On the day you are scheduled for your treatment, we will take the selected embryos out of storage and rapidly warm them up. We also gently wash them to support their recovery during the process.

In the following hours, the thawed embryos will return to their original state and become ready for use in treatment. We will thaw enough embryos to give you the highest chance of pregnancy and the lowest risk of a multiple pregnancy.

During and after FET

A frozen embryo transfer takes up to 30 minutes to complete. First, a speculum is inserted into your vagina. Next, the catheter containing the embryos is inserted into your uterus. A small amount of fluid inside the catheter helps the embryos to be released. The catheter and speculum are then removed and the procedure is complete.

After your embryos have been transferred, you will be allowed to rest for however long you need. As the procedure isn't highly invasive and no anaesthetic is used, you may not need much time before you feel ready to go home.

It's important to remember not every FET will be successful, even if you do everything right. However, at BCRM, we will do everything we can to support you on your fertility journey and provide you with access to the treatments you need.

Potential risks of an FET

There are some potential risks associated with undergoing an FET. These can include:

  • The lining of your uterus doesn't thicken enough, even with oestrogen medication

  • Unexpected ovulation, meaning the window for transferring has been missed

  • Excess fluid that's naturally built up in your uterine cavity – this can reduce the chances of implantation

At BCRM, we take every precaution and will monitor you before your FET to ensure your body is ready to give you the highest possible chance for success.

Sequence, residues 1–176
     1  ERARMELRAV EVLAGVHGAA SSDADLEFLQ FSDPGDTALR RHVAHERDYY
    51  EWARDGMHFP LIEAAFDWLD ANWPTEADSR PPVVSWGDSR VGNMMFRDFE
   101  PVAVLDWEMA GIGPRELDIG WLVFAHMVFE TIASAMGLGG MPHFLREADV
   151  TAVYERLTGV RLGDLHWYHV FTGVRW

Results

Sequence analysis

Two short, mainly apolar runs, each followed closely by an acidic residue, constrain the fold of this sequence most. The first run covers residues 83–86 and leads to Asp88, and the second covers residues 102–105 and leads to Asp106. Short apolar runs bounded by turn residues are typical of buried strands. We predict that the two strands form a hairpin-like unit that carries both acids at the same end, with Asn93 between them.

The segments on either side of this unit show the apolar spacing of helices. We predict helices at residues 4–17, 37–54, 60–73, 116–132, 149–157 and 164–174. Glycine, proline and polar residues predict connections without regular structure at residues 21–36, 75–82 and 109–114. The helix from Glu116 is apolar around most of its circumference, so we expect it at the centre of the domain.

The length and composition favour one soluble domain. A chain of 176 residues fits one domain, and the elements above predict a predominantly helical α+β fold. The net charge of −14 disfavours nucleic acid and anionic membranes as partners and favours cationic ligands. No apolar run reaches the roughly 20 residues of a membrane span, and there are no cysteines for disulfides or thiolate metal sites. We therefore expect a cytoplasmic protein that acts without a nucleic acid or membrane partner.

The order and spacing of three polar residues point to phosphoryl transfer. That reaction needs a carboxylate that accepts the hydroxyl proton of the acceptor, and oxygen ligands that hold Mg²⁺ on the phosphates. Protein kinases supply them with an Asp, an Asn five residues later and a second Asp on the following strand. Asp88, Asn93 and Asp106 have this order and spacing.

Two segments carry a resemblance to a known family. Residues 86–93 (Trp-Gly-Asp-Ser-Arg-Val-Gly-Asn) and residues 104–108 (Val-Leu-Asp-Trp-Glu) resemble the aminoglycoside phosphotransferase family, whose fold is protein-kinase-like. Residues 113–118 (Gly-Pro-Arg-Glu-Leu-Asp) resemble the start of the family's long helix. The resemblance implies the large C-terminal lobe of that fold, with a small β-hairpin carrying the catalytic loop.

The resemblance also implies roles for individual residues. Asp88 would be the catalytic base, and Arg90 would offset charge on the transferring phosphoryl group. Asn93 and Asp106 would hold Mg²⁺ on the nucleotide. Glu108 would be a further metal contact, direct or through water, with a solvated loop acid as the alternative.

FET success rates

The success rates for an FET are comparable to that of the use of fresh embryos. Success rates of an FET can depend on various factors though such as your age – both when the embryos were frozen and when they were transferred.

At BCRM, our success rates can be seen in the below table.


BCRM success rate

National average success rate

Under 35

53% (based on 197 embryos transferred)


35 - 37

38% (based on 114 embryos transferred)


38 - 39

32% (based on 59 embryos transferred)


40 - 42


Not available



Not available

Data obtained from HFEA website IVF/ICSI

We have a much higher rate of success than the national average for FET, so you can feel confident in your decision when choosing us for your frozen embryo transfer.

Book an appointment with BCRM

FET fertility treatments can help you to start or grow your family and, at BCRM, we offer you exceptional, personalised care throughout.

Our dedicated team of fertility specialists ensure you are fully informed and provide you with an unparalleled level of care and understanding.

If you would like to discuss your fertility treatment options or book a frozen embryo transfer, you don't need a referral to start your treatment with us, so get in touch with our team to get started. We will ensure you receive the care and support you deserve throughout your fertility journey.